Let’s Dare to Dream: Customer Service in the Courthouse of the Future?

Let’s Dare to Dream: Customer Service in the Courthouse of the Future?

During the course of the original National SRL Study, I was sometimes told  – by court staff, duty counsel and others working in public legal services– that SRLs came to the courthouse expecting it to offer them a customer-service model “like the passport office or the vehicle licensing office” – or, worse still, “like Wal-Mart.” Obviously, some laughed, the justice system could not function like other service experiences.

Maybe not. Certainly the public cannot buy “justice”. But what if we imagined a public justice centre in 10 years from now in which we saw some of the basic principles of customer care and service that are applied in other areas?

Justice System Service, 2024

Susie parked her eco-car in the Justice Centre underground parking lot, relieved at the opening of a convenient adjacent parking space after all those months of trying to find a pay lot on the crowded city street.

And the first hour is free! Susie was really hoping to take care of her business in the Justice Centre and be out again under an hour. In the old days of course that would have been a crazy dream – but now with the new automated check-in counters and a couple of circulating “Navigators” directing people on where to go and what they needed to do, things really seem to have speeded up in the Justice Centre. There were a lot fewer people wandering around looking hopeless, despondent and lost since the Justice Centre introduced the Navigators.

Susie was hoping that having worked on the forms she needed to file today at home on-line, she was well-prepared. The new interactive feature for the on-line forms had proven really useful last night in resolving a few last-minute panics as she worked on her documents late into the night. As well, the forms had become so much more user-friendly and simpler in the last few years – Susie had heard horror stories about byzantine rambling 25-page forms from former SRLs – and they had not even had access to on-line chat when they had had questions! How they managed in those days she could not imagine.

Susie was planning to finalize her documents with the dedicated form-checker located in the registry – Cindy would give them a final once over to make sure she had not missed anything – before going into the Representing Yourself Business Centre to print them out. After that it would be a simple matter to stand in line and file at the registry – of course they were now talking about e-filing which would be even better!

Although, to be honest, it was nice to see Cindy’s friendly face and get her reassurance that everything was in order – or to talk to Robert at the Representing Yourself Business Centre if you had a last-minute worry or question about format and presentation. The Business Centre had opened just last year for SRLs who did not have access to their own computer, printer or scanning facilities. Her own printer at home was on the brink so she preferred to pay a few dollars to use a reliable machine – and the staff there were so helpful and up-beat.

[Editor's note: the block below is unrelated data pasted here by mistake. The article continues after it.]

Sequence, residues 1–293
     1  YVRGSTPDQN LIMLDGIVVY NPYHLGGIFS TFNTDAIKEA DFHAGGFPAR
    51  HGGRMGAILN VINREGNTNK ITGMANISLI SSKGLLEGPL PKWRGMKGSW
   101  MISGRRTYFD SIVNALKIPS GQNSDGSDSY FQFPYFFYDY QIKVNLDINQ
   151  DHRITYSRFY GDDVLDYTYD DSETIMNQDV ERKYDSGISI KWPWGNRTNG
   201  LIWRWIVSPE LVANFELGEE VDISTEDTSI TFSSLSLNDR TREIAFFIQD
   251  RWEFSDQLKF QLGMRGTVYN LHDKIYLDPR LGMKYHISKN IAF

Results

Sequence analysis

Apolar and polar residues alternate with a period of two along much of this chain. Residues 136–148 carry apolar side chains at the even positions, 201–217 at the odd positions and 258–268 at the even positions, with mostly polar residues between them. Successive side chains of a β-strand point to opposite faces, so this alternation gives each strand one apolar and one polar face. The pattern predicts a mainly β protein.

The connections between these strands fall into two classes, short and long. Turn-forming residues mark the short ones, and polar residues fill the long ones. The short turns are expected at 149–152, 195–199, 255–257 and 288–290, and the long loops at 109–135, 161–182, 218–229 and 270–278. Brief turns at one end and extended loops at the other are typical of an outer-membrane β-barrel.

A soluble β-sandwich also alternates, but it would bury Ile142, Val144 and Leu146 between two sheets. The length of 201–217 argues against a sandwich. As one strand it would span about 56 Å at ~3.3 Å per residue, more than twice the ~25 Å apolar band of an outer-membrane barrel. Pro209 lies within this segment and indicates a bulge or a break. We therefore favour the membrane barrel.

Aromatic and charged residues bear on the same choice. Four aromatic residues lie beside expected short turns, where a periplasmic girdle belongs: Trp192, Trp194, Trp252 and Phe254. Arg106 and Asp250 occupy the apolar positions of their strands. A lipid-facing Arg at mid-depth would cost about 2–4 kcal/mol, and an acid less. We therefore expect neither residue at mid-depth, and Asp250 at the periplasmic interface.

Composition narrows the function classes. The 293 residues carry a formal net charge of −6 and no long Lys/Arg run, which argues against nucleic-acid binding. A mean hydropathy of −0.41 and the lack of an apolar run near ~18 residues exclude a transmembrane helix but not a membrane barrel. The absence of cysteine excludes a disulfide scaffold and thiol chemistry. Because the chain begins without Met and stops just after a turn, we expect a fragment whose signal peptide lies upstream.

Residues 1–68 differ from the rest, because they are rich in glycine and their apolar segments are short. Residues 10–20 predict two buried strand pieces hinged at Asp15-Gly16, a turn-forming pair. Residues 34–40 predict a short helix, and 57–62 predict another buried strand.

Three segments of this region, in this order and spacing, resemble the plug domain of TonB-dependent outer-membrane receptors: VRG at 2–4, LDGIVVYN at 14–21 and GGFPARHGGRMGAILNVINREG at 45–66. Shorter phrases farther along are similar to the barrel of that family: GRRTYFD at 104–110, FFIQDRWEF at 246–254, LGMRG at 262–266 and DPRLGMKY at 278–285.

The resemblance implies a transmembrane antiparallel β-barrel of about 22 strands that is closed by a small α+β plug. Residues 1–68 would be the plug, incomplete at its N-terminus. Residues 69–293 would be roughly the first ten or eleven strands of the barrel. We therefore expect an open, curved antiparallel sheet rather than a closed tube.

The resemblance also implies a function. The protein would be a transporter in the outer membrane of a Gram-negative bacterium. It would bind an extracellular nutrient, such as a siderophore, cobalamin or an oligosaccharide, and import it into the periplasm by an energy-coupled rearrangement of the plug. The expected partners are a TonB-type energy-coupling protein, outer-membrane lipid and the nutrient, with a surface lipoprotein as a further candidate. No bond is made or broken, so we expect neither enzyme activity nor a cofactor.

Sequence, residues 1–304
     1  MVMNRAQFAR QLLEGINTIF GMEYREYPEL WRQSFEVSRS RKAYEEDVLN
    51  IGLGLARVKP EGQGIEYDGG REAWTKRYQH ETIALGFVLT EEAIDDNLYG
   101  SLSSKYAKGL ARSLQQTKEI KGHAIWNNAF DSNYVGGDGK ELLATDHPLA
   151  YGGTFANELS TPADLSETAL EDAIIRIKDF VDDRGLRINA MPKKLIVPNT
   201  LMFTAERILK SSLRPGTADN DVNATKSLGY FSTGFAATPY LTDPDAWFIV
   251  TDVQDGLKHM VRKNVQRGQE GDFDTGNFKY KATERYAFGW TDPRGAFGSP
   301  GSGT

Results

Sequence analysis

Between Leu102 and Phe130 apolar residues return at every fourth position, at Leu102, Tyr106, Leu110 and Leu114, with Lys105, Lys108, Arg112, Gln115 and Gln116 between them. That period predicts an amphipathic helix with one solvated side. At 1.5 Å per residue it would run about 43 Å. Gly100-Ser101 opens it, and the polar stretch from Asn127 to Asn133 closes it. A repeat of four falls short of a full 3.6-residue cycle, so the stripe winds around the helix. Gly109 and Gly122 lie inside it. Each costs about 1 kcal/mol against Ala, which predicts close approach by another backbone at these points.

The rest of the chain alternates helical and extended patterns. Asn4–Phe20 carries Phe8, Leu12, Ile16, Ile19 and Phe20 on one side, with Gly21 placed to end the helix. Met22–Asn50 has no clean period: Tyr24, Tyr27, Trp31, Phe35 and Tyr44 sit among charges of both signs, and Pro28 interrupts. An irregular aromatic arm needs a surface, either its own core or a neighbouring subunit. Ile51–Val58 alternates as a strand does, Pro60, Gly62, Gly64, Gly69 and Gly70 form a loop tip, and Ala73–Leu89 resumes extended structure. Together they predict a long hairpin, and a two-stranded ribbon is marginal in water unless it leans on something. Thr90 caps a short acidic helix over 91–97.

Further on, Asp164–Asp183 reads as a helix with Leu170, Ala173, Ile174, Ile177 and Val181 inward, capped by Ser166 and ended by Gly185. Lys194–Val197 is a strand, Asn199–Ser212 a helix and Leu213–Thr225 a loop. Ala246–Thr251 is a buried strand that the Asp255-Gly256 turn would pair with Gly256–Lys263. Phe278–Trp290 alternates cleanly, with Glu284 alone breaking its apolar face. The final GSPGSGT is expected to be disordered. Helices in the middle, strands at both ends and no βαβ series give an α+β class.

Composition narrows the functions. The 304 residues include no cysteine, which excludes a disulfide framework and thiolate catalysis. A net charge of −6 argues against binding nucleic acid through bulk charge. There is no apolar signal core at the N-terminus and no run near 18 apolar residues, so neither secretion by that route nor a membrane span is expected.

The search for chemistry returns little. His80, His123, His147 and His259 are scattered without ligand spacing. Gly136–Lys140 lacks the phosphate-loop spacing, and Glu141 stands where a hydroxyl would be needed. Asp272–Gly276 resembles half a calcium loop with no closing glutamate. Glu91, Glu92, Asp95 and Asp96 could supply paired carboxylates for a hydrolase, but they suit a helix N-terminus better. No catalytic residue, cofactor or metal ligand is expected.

Just 38 minutes later, Susie had filed her documents and was starting to make her way back to the parking lot – via the on-site coffee shop that served such good lattes and now took debit cards as well as cash! – when she noticed a poster for a workshop being held at the Justice Centre the following week. It was on the very issue that she was trying to deal with on her own! Having used up her available savings already on some earlier legal assistance, Susie was relieved to see that the one hour question-and-answer session with a lawyer and a judge was free sign-up. She doubled back to the registry and made sure she got her name on the list.

Susie had attended an orientation workshop when she began her case a few months ago, and listening to the accounts of both Justice Centre staff and other SRLs had really helped her to anticipate what lay ahead. This new session sounded perfect for what she needed to know now, and perhaps would help her formulate some really good questions for her next meeting with duty counsel.

As she started up her hydrogen fuel-cell car and headed for work, Susie reflected on how much more accessible the Justice Centre was now that it opened in the early mornings and evenings as well as during regular business hours. Imagine, people used to have to take time off work to attend the courthouse – how ever did they manage? Trials and hearings were one thing, but taking a day off work to file documents?

How crazy was that? Susie chuckled to herself as she pulled out of the parking lot. And what is more, she had heard stories of lawyers, judges and court staff being unkind and even hostile towards SRLs in the past? Whaaaat? Susie had never had any experience other than kindness and efficiency. Those SRLs of the past, they had it hard.

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